Last Wednesday afternoon, Ramapo College held the Native American Heritage Month Proclamation Reading Ceremony. Hosted by the Office of Equality and Diversity Programs, the ceremony was kicked off under the Arch by proclamation speaker Ivy Payne, the executive secretarial assistant in the Office of Student Affairs. Payne delivered her speech to an intimate crowd.
“During the month of November, our nation celebrates the profound ways that Native American ancestry has shaped the character and culture of our country. Ramapo College of New Jersey is proud to recognize this occasion,” Payne said.
She continued by explaining the significance of the event at Ramapo:
“Native American ancestry and culture play a valuable role at the College and has abundantly enriched our campus community. We acknowledge and promote the rich contributions of our students, faculty and staff of Native American heritage. As we celebrate the traditions of the original descendants of our nation, let us not forget the long chapters of violence, discrimination and depravation they had to endure, and the struggles that continue today,” Payne said.
“We reaffirm our commitment to the education, inclusion and employment of this group, as well as to the larger population outside of the campus,” Payne said, ending her speech by citing the College’s pledge to Native Americans.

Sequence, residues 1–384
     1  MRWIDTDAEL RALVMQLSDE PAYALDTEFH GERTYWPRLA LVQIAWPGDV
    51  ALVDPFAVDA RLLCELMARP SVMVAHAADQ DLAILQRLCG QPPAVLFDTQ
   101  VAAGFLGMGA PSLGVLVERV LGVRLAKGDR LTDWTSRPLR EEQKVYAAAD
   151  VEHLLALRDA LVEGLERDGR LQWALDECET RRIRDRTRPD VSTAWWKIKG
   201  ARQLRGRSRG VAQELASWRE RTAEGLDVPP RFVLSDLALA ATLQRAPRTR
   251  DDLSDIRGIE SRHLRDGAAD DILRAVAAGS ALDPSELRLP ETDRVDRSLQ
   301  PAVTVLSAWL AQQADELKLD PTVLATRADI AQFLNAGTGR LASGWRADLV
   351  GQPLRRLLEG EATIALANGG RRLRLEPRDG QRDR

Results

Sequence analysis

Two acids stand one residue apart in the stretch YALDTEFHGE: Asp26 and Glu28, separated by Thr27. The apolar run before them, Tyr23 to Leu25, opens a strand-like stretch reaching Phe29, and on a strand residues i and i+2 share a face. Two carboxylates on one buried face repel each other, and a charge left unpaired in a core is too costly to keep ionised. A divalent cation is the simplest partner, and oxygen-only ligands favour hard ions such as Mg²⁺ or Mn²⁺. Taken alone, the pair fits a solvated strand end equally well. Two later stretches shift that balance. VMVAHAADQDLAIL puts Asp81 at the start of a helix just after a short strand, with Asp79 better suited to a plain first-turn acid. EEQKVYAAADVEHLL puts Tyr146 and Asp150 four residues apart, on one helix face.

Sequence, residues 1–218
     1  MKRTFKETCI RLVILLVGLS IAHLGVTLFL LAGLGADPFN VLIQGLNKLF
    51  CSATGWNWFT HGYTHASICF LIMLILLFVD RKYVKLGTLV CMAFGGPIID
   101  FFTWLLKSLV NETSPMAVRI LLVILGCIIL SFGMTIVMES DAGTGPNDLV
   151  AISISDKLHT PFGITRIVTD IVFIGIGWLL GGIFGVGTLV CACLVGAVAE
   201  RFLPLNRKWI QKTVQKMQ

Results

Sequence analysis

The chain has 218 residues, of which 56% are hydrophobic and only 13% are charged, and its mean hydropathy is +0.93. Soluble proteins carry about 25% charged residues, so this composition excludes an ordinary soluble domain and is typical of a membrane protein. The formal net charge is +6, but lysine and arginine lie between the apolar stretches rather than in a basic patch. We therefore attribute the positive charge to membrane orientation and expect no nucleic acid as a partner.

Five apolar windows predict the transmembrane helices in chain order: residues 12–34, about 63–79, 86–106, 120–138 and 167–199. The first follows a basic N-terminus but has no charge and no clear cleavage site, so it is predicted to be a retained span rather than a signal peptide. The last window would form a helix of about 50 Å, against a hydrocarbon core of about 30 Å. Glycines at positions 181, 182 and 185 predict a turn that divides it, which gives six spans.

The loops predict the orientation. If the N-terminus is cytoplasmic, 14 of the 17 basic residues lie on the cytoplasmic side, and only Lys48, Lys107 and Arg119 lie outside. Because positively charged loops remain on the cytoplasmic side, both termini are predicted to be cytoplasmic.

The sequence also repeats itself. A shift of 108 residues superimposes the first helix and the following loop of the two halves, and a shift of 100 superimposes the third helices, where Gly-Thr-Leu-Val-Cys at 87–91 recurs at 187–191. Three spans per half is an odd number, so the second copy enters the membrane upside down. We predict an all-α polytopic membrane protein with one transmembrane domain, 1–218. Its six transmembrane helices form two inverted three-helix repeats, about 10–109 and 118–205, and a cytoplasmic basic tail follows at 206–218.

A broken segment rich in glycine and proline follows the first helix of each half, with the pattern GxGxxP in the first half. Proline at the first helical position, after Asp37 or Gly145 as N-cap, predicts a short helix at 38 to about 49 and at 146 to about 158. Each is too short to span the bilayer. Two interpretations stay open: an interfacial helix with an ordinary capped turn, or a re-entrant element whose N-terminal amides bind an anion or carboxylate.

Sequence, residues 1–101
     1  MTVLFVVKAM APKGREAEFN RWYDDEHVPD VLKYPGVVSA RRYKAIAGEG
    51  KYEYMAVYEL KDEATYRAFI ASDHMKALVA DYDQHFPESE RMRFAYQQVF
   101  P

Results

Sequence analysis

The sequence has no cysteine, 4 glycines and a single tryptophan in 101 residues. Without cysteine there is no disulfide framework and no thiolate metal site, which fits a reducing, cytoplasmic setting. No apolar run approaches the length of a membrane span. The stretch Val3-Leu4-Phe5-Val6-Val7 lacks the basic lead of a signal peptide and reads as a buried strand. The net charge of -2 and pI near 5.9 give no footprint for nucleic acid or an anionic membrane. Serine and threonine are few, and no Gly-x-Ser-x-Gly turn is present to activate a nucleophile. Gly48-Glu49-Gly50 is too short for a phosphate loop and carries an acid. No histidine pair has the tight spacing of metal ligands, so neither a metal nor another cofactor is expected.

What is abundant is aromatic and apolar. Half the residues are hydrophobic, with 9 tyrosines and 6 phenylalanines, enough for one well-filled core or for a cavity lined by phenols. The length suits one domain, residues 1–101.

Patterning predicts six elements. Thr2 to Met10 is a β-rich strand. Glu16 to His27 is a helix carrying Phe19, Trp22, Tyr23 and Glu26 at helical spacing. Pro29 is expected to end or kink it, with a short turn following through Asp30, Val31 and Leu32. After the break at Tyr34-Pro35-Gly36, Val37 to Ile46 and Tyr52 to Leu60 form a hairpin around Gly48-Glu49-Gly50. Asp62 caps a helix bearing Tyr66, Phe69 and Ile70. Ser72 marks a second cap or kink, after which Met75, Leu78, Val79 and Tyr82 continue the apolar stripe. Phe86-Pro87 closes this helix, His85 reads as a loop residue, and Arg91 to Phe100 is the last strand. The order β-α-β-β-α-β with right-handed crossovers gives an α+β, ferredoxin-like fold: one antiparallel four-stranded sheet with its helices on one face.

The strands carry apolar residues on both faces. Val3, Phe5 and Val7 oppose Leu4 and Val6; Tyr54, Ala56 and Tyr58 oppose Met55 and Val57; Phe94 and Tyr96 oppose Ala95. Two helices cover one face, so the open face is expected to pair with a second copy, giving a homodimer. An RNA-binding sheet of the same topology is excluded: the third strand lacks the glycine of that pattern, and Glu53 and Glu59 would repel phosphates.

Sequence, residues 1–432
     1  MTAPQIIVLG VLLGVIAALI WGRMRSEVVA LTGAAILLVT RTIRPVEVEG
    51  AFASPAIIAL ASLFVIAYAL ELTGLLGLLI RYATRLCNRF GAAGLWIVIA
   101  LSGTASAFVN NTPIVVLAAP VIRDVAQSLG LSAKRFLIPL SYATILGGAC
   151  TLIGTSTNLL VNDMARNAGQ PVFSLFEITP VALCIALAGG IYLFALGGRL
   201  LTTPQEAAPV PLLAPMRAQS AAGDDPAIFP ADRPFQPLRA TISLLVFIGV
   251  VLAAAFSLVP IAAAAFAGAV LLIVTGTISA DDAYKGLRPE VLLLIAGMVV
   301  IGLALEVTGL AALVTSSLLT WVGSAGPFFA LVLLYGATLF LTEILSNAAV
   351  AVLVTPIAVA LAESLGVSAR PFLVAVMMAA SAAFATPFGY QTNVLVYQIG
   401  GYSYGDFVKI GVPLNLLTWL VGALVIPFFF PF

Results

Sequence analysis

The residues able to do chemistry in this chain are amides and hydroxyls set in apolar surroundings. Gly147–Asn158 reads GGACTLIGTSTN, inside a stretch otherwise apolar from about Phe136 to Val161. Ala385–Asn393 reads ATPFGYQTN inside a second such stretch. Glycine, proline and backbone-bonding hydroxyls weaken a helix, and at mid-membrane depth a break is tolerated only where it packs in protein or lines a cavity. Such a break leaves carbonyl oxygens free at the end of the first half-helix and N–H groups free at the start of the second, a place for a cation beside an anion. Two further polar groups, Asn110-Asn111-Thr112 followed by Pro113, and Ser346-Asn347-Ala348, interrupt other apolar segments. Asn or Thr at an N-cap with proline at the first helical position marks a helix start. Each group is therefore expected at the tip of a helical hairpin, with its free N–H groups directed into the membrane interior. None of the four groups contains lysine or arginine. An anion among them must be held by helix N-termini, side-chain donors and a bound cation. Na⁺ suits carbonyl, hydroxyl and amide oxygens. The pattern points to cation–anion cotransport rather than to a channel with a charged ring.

In an interview, Payne spoke about how she felt about Native American history and heritage should not simply be contained to the month of November.
“I feel like [Native Americans] are the history of the United States; it shouldn’t just be one month. But I feel that for a lot of different groups: it just be devoted to one month. I think that all different heritages and ancestries should be taught all along, even in schools, and I don’t think that high schools and elementary schools seem to focus on Indians that are out west, when they have them here, right in their backyard,” Payne said
In attendance was senior Misha Choudhry, who commented on the College’s own association with Native American groups, and how important it is to recognize them.
“I think it’s extremely important to recognize any sort of marginalized group, especially Native Americans, being that the name of our College actually comes from the Ramapough Lunaape tribe. It’s important to commemorate and acknowledge them, and celebrate their heritage,” Choudhry said. “I think especially since there’s a community so close to us, we should really make more of an effort to reach out to them.”
Grace Maute, an Equity and Diversity peer educator with the College, spoke about the change in the way the College celebrates these heritage month events.
“This year, it changed, the way we celebrate heritage month a little bit. Now, we’ve just started these proclamation ceremonies to officially recognize them for the college,” Maute said.
Maute also mentioned other coming events for Native American heritage month.
“We have two film screenings coming up, and the banquet is on Nov. 19, at 5 p.m., in SC-158, and we’ll have members of the Ramapough Lunaape Nation there,” Maute said.